Most people are unaware of the fact that a nature reserve or preserve can also be a national park. By definition, a nature reserve is land that is protected because it is home to particular fauna and/or flora. This land can be public or private, and national parks are of course public land. National parks remind us to take time to enjoy the beauty and wildlife around us. Each park has a unique ecosystem that may have evolved over thousands of years or more. These lands were protected in order to save them from development and other environmental hazards. Let’s take a look at some of the most interesting reserves to visit in the U.S.
1) Yellowstone National Park — This 2.2 million-acre expanse, the country’s first national park, has a history dating back thousands of years. The first humans to use the land were the Native Americans. In the 1800s, when Europeans explored western North America, they came across the Yellowstone area. The first organized expedition was in 1870, and it led to Yellowstone being established as a national park by President U.S. Grant in 1872. The park was managed by the U.S. Army from 1886 to 1918, when the National Park Service, created two years earlier under President Woodrow Wilson, assumed responsibility. The park is home to many well-known natural landmarks including Old Faithful, Yellowstone Canyon, and Mammoth Hot Springs as well as historic structures, such as the Lake Fish Hatchery. A more worrisome fact is that the park is located above a “supervolcano,” which is regularly monitored by scientists for signs of a possible eruption.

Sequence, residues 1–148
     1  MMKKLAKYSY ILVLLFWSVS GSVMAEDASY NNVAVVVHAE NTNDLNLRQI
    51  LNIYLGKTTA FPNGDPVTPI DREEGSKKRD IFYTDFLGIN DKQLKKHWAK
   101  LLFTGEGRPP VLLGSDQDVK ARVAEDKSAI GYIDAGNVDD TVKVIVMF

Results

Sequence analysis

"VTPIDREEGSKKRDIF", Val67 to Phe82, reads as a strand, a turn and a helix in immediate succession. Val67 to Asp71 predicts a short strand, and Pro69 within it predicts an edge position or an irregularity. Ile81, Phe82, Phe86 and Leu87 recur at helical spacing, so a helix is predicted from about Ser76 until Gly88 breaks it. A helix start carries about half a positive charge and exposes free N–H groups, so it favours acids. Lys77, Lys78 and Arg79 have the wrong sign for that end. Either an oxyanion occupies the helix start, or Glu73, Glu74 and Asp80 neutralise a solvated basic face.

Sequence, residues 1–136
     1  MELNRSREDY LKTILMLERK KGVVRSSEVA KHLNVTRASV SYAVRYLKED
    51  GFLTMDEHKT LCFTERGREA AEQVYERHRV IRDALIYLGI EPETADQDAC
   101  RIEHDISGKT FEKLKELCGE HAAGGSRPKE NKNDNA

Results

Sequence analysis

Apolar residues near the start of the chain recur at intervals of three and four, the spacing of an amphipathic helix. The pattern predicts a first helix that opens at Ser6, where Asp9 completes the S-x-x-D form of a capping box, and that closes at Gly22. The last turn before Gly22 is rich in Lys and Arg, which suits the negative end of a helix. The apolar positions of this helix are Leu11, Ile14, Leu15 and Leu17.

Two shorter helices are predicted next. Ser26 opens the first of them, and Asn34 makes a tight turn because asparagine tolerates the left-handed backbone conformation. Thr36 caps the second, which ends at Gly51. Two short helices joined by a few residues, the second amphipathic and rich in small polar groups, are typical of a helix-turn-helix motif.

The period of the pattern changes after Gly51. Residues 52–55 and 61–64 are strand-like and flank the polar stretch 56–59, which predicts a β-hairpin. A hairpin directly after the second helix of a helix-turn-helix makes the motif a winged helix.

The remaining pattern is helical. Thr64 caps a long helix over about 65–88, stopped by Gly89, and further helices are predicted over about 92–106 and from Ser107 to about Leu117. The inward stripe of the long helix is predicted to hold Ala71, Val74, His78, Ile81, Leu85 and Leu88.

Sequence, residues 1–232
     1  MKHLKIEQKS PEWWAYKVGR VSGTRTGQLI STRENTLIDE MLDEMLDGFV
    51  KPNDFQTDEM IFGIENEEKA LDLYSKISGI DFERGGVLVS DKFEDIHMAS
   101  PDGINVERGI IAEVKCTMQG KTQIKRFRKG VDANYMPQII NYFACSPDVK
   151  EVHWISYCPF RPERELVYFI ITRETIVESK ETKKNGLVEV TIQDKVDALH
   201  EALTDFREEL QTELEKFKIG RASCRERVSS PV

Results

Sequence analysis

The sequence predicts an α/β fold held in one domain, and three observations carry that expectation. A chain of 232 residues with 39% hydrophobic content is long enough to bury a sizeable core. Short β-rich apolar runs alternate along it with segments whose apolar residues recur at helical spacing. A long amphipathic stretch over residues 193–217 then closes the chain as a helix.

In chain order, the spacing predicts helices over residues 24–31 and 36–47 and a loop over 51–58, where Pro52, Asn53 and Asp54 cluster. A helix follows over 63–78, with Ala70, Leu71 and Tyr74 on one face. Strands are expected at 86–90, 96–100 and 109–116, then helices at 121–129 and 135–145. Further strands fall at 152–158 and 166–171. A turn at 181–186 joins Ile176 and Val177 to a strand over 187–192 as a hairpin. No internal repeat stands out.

2) Pacific Remote Islands Marine National Monument — Made up of islands, reefs and atolls in the Pacific Ocean near the equator, it is, at almost half a million square miles, one of the world’s largest marine conservation areas. It is home to millions of birds and marine life, including the coconut crab, giant clams, Masked Boobies and White Terns. The monument was established in 2009 by President George W. Bush under the authority of the Antiquities Act of 1906, and was expanded in 2014 by President Barack Obama. Except for the Wake and Johnston Atolls, which are managed by the Department of Defense, the monument is managed by NOAA and the U.S. Fish and Wildlife Service.
3) Yosemite National Park –– An impressive park whose form was defined granite and glaciers, Yosemite was first established by President Lincoln in 1864 as a Public Trust of California, years before Yellowstone, the first “National Park.” Nearly 750,000 acres protect wildlife, waterfalls, meadows, giant sequoias, and more. Like Yellowstone, the history of the land goes back thousands of years with Native Americans as the first inhabitants. Prospectors descended on the park in the Gold Rush of 1849, and the California State Militia’s Mariposa Battalion drove out the Native American inhabitants to open it for prospecting and settlement. Through the urging of naturalist John Muir, areas were added to the park, and it became a formal National Park in 1906. Also, in 1918, it became the first park to have a female park ranger, Clare Marie Hodges.